There may be some happy news for Alaska’s struggling cruise industry—courtesy of the folks from the “happiest place on Earth.”
Disney Cruise Line announced last month it would send Disney Wonder to the region in summer 2011, offering seven-night sailings. The first cruise will depart Vancouver on May 3 and call in such ports as Juneau, Ketchikan and Skagway, while the last cruise of the season is scheduled for August 30.
Still, all is not calm on the Alaska cruise front. The Alaska Cruise Association, which represents major lines such as Carnival and Royal Caribbean, filed a lawsuit against the state, seeking to overturn the passenger head tax. The lawsuit argues that $46 of the state’s $50-per-passenger head tax violates the U.S. Constitution by unduly interfering with maritime and interstate commerce.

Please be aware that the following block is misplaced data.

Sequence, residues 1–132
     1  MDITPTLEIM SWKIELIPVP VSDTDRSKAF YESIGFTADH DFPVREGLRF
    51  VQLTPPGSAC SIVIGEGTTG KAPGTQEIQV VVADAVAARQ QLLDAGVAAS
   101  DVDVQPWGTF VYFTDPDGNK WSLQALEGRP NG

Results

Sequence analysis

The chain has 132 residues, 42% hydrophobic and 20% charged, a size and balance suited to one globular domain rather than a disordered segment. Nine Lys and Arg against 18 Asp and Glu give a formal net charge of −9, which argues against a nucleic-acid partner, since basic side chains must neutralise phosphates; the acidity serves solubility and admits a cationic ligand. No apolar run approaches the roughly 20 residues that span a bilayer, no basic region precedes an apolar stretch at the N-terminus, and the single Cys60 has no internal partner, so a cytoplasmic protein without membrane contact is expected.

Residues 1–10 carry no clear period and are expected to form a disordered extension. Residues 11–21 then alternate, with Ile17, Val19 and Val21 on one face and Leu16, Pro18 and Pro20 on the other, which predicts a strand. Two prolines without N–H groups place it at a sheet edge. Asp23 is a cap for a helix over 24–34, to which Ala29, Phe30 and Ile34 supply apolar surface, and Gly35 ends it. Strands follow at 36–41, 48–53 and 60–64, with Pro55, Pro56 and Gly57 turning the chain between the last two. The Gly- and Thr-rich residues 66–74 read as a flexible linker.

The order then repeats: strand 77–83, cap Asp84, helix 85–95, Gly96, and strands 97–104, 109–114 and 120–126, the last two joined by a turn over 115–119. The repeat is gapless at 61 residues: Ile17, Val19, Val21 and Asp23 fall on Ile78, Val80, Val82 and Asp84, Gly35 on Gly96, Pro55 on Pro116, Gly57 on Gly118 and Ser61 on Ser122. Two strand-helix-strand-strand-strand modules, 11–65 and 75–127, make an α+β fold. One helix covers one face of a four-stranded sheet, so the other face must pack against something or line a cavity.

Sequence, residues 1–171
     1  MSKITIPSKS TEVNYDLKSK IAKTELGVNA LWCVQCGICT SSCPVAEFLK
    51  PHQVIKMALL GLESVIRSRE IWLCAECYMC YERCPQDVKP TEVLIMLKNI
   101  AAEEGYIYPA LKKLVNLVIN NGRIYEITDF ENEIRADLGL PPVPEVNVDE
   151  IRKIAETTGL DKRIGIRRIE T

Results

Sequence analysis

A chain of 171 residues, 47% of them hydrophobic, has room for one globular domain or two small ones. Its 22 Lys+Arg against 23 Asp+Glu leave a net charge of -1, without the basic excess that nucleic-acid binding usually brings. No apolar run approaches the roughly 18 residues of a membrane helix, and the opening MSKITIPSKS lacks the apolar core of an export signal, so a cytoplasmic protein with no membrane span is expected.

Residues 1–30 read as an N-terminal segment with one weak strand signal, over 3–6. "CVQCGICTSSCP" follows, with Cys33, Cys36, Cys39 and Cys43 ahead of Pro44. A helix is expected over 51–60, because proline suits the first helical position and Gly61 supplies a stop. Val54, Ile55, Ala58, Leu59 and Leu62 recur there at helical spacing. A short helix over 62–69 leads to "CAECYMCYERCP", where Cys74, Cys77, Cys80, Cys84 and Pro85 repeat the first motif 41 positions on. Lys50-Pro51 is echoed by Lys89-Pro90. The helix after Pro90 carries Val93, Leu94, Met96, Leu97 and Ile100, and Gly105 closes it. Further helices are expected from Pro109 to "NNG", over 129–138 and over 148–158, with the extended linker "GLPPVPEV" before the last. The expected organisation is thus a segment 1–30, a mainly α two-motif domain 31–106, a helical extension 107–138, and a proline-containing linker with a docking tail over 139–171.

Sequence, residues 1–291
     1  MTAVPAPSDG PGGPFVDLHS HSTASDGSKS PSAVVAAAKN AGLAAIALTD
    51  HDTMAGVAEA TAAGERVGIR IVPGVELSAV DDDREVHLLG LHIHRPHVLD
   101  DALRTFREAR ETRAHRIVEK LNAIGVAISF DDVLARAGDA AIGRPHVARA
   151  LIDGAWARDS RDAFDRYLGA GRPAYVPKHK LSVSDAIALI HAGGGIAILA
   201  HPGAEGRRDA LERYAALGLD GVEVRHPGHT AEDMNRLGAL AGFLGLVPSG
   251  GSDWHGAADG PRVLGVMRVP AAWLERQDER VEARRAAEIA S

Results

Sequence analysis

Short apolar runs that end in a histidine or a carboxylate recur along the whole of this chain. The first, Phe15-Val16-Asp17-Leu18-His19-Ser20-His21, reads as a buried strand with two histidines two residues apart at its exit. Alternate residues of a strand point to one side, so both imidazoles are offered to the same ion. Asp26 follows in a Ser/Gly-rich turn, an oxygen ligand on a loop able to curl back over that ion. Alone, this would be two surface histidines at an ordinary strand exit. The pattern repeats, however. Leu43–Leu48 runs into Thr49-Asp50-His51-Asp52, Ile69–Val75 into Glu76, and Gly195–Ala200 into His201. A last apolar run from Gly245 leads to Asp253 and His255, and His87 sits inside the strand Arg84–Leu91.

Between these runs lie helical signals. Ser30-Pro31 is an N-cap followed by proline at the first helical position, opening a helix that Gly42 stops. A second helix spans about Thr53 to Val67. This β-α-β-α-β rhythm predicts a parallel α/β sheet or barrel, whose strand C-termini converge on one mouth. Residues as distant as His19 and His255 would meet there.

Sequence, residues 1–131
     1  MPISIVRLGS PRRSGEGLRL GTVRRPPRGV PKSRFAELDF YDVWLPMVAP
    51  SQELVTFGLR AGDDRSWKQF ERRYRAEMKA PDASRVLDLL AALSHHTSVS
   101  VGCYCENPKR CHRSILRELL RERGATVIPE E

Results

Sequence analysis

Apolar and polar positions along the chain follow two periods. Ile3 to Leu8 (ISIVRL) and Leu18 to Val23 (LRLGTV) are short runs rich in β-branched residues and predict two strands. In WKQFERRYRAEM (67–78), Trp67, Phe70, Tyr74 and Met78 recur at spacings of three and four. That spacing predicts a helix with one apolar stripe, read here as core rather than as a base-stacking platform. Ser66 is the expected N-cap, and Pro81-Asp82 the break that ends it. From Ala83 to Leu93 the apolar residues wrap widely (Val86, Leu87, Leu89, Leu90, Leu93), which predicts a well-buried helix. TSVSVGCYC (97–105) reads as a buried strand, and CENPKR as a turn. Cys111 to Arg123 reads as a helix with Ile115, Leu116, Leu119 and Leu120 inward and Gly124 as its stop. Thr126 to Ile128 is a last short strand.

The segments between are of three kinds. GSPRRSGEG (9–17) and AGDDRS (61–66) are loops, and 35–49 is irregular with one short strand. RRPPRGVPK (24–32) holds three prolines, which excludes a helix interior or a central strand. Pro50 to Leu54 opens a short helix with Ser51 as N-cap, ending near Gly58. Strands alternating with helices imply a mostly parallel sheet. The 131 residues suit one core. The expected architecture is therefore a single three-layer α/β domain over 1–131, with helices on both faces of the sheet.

“We feel the entry fee, as implemented, is illegal. Alaskans are being hurt by the tax,” says John Binkley, president of the association. The tax was imposed as part of a cruise-ship initiative passed by Alaska voters in 2006.
Alaska has attracted about 1 million cruise passengers each summer in recent years. However, the announcement by some cruise lines that they are moving ships out of the Alaska trade next summer could result in a 140,000-person drop in passengers visiting the state in 2010.
Hopefully, Disney can bring some of its famous magic to the region.